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First-of-its-Kind Project with Irvine Ranch Conservancy Brings Elementary School Through College Students Together for Habitat Restoration Research

The pilot project is a collaborative partnership between Irvine Ranch Conservancy, UC Irvine’s Center for Environmental Biology and Inside the Outdoors. 

Students of all ages are coming together for one common goal, to help restore Orange County’s native lands. A collaborative partnership between Irvine Ranch Conservancy (IRC), UC Irvine’s Center for Environmental Biology (UCI CEB) and the Orange County Department of Education’s Inside the Outdoors (ITO) is engaging elementary school through college students in restoration ecology.

The pilot project is part of the UCI CEB Internship Program where a cohort of undergraduate students develop a “Project of the Year,” to design, implement, and collect data for an experiment. In addition to helping the students learn about ecological research, the project will help inform restoration ecologists on the best microhabitat conditions for restoring oak woodlands impacted by drought and wildfire in OC Parks’ Limestone Canyon Nature Preserve, managed by IRC.

To achieve this, IRC collaborated with its partners at the Delhi Center, a community-based non-profit in Santa Ana that serves under resourced youth and families.  IRC built a nursery at the Delhi Center so that youth could grow and learn about local native plants. This project also provided an opportunity for elementary through high school students to contribute to original research alongside university students. Once grown at the Delhi Center nursery, oak seedlings, acorns, and white sage were planted by Delhi students and UCI CEB interns at several research plots in OC Parks’ Limestone Canyon Nature Preserve.  ITO, the environmental education program administered by OCDE, whose mission is to empower individuals to explore natural areas and expand their knowledge, understanding and stewardship of the environment, contributed to the project by providing an immersive curriculum led by staff naturalists. It was a priority for all organizations to integrate students of all ages into UCI CEB Interns’ “Project of the Year.”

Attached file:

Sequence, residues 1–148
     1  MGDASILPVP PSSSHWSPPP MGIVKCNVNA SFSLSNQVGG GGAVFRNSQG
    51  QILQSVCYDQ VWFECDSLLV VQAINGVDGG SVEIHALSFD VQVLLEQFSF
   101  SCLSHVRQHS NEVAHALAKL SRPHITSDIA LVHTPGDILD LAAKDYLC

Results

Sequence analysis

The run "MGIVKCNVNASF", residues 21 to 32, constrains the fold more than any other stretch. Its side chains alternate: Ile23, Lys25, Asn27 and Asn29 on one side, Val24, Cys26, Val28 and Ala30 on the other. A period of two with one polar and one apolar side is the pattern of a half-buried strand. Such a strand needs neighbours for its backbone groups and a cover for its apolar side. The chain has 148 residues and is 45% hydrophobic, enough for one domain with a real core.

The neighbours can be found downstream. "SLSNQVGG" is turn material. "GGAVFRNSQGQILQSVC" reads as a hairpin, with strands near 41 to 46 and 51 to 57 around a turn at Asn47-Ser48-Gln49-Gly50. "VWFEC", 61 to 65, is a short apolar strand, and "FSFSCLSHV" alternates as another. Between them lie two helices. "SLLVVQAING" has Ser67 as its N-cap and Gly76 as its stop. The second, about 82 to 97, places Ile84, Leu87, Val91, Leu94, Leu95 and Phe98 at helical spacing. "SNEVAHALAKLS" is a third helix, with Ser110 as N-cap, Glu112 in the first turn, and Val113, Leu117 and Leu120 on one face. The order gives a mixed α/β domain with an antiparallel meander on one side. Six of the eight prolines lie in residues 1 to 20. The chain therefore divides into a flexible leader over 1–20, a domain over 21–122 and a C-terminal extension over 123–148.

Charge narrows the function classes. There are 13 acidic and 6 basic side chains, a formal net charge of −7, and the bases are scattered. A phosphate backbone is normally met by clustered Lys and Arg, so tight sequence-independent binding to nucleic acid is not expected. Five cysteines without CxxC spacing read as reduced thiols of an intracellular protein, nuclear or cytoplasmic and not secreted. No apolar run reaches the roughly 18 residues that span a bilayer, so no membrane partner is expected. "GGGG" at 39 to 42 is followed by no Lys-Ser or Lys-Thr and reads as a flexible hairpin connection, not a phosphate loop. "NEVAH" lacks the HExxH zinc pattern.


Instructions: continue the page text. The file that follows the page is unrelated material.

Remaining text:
“We are thrilled to see students from diverse grade levels working together towards a shared mission of restoring Orange County’s native lands,” said Kelley Brugmann, Community Engagement and Education Program Manager at IRC. “By involving elementary through college-aged students in restoration ecology, we are not only nurturing a love for our local environment but also fostering scientific research opportunities that will shape the future of restoration efforts in our community.”

At the beginning of the project, UCI CEB personnel, Drs. Sarah Kimball and Jennifer Long, guided interns to form research questions related to the restoration of oak woodlands in collaboration with Eliza Hernández, Monitoring and Research Program Manager at IRC. These questions included determining the life history stage that yields the highest planting success (acorns or seedlings), identifying which microclimate conditions are best for planting (under oak canopy, under fallen oak, outside of oak canopy), and investigating whether young oaks thrive more with or without companion plantings like white sage. Delhi Center students, ranging from first graders to high schoolers, nurtured the oak and white sage seedlings to help test the project’s main research questions.

Over a few months, IRC staff and the UCI and Delhi Center students from all grade levels collaborated to identify project sites at Limestone Canyon Nature Preserve. They then prepared the sites and planted the seedlings and acorns at eight different locations. Throughout this process, the students collected data and, during the most recent field trip in April, were thrilled to discover oak seedlings sprouting from the acorns they had planted just a few weeks earlier. “Having the students witness the progress of the oak plantings was amazing; they are seeing their efforts pay off in real time! This project has really sparked their interest in science and nature, and they all can’t wait to get back out on the land,” said Miguel Torres, Youth Program Manager for the Delhi Center.

“My favorite part has been having each collaborator bring their own expertise and skills to this project. I have learned so much from everyone involved with this project, and it has been great to share that knowledge with the CEB interns and Delhi Center students with whom we have been fortunate enough to work with,” comments Haley Heesch, a Field Technician with UCI’s Center for Environmental Biology and the main lead in coordinating the project along with Eliza Hernández.

Significant progress has been made in the restoration work, and valuable data has been collected at Limestone Canyon Nature Preserve due to the commitment and dedication of students from various grade levels and communities. The mission of this project is to “plant the seed” for children, teenagers, and young adults, fostering a long-lasting connection with our native land.

Looking ahead to the future, the vision for this program extends beyond a single project. IRC, UCI CEB, and ITO are dedicated to continuing and expanding this impactful collaborative project in the years to come.

For more information on various community engagement and education programs, enacted by IRC, please visit irconservancy.org.

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